My job allows me to visit a lot of Alaska on a yearly basis. I wanted to capture the trips in one location!

Kodiak Island ~ Fossil Beach and more

Kodiak, Alaska Nov. 25/26, 2012 and Dec. 9/10, 2013

Kodiak Island is known for its brown bears and remoteness.  I have gotten there a few times in the last few years, and didn’t do a blog last year (as we were taking off for another trip once I landed at home.)

Kodiak is the 2nd largest island in the United States (earlier this year I visited Admiralty Island which is the 7th largest in the US),  and #80 in the world. The island is 100 miles long from tip to tip and ranges from 10-60 miles wide.  The city of Kodiak is the largest on the island, though there are 7 communities/villages as part of Kodiak and part of why I was there was to do training with their advisory boards.  These villages are Akhiok, Karluk, Larsen Bay, Old Harbor, Ouzinkie, Port Lions and then Afognak Island (a smaller island near Kodiak).    Some of these villages have been in existence much longer than Alaska was part of the United States and remain subsistence villages as much as possible.

Kodiak reminds me a lot of Southeast, (SE) AK where I live, as it has mountains, and yet has a lot of forest on most of the island.   As in SE the only way in/out is on a boat or plane.  The great part of Kodiak is there is quite an extensive road system and I was lucky enough to have my good friend and colleague, Norm take me on a tour of the island.

We headed out early and drove to Fossil Beach.  Along the way we saw Bison, eagles, surfers and a lot of other amazing sites.  Though the road is only about 46 miles it take about 1.5 hours to get there.  The roads are curvy, and slow going, but again worth it.  And in the morning there was a lot of fog, buy by the time we headed back towards town it had lifted a bit.

Kodiak offers so much to see and do, there is not a ‘best time of year” to visit, you simply should just add it to your MUST VISIT list.  Alaska Air and ERA Airlines fly there daily and it is a place to be seen!

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Sitka, Home to Mt. Edgecumbe High School; Alaska’s Largest Boarding HS

Sept. 6/7, 2013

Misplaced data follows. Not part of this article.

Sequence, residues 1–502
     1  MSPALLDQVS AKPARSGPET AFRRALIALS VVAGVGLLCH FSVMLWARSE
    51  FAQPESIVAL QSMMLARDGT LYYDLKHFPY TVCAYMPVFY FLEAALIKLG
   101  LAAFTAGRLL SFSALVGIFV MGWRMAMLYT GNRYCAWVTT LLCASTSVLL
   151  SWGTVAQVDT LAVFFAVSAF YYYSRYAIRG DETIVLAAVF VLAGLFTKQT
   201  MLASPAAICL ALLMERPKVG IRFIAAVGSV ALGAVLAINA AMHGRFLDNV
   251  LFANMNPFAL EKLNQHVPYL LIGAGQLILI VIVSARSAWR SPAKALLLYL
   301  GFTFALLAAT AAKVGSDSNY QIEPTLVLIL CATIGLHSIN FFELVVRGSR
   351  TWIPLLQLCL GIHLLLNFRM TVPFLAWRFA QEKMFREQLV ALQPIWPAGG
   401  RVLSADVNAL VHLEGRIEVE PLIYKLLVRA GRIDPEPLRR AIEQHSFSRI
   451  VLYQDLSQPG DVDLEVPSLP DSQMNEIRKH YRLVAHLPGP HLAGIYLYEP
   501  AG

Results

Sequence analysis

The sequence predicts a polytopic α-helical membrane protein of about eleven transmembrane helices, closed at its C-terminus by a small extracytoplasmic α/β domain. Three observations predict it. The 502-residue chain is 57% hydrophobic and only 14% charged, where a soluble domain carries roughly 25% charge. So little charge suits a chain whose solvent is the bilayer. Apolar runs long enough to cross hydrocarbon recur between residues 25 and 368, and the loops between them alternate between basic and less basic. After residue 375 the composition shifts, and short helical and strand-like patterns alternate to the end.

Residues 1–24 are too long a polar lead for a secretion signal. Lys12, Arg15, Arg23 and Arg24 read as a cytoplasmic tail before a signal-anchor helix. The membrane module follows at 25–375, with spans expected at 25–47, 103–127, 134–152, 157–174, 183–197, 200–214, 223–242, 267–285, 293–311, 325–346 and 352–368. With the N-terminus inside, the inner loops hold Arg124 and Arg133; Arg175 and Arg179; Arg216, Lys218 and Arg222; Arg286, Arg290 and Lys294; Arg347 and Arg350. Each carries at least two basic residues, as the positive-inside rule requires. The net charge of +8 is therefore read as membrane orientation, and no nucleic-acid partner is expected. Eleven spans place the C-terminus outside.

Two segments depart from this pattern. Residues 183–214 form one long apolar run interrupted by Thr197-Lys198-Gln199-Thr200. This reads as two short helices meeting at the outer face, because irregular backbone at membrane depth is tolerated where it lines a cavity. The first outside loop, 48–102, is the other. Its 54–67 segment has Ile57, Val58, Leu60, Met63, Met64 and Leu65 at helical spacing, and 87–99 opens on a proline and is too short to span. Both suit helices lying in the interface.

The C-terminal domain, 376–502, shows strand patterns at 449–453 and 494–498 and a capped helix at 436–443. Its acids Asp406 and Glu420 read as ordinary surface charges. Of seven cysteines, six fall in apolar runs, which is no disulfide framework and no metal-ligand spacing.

Sitka by the sea is a beautiful community in SE, Alaska and I know I have written about it before.  This trip I thought I would highlight Mt. Edgecumbe High School (hereafter, MEHS) which is a boarding high school in AK. What makes it unique is that it is run by the state and is public for anyone that applies and is accepted.  Currently there are 400 + students from over 100 Alaska communities are in attendance there.  Image

The name comes from the beautiful mountain, Mount Edgecumbe that is located on Kruzof Island, within eye site of Sitka.   It was a volcano that lies dormant now, but on most days you can see it from the school.   Historically MEHS is one of the oldest schools in the state.  In 1947 the Bureau of Indian Affairs (BIA) established this and other boarding schools to offer opportunities to Native Alaskans.  Many great Alaska Native leaders are graduates of MEHS including several Senators and Legislators.  Image

In the 1980’s the doors were closed on the school after a 16 year old, Molly Hootch, sued the state of Alaska, stating that all Alaskans should be giving the chance to go to school in their home villages and NOT have to go to a boarding high school to be educated.  She won and in the 1980’s all boarding schools in the state were closed.   Over the next few years, over 100 schools were built and opened in rural Alaska.  http://right2education.wikispaces.com/Molly+Hootch

Why, you ask, do students choose to go to a school 100’s of miles from their home in an area of the state that is only accessible by boat or plane?  Well, there are several reasons including a top notched education, and opportunities to play many sports, join a variety of clubs as well as the fact that over 90% of graduates from MEHS go on for more education after they graduate.   Since 90% of the students are Alaska Native and come from rural “Bush” communities, Sitka is a huge community and 400 students is much bigger than some of their villages.   Image

For 6 years I worked closely with the residential staff at MEHS and the feel in the residence halls is much a family feel.  Many students are ‘adopted’ by local families and have places to go for holidays and on weekends or evenings.  There is a lot of effort put into the living environment and an attempt to make the place feel like home.  Students often walk over the bridge from MEHS which sits on  Japonski Island (along with the airport and the Coast Guard Base), to the main town of Sitka which sits on Baranof Island (one of the 3 ABC islands, Admiralty, Baranof and  Chichagof).  Image

One last funny, I’ve heard a story that on April Fools Day some years ago, some individuals took a boat ride over to mountain and climbed it, tossed in a bunch of old tires and started them on fire, making individuals back in town think the volcano was erupting again!

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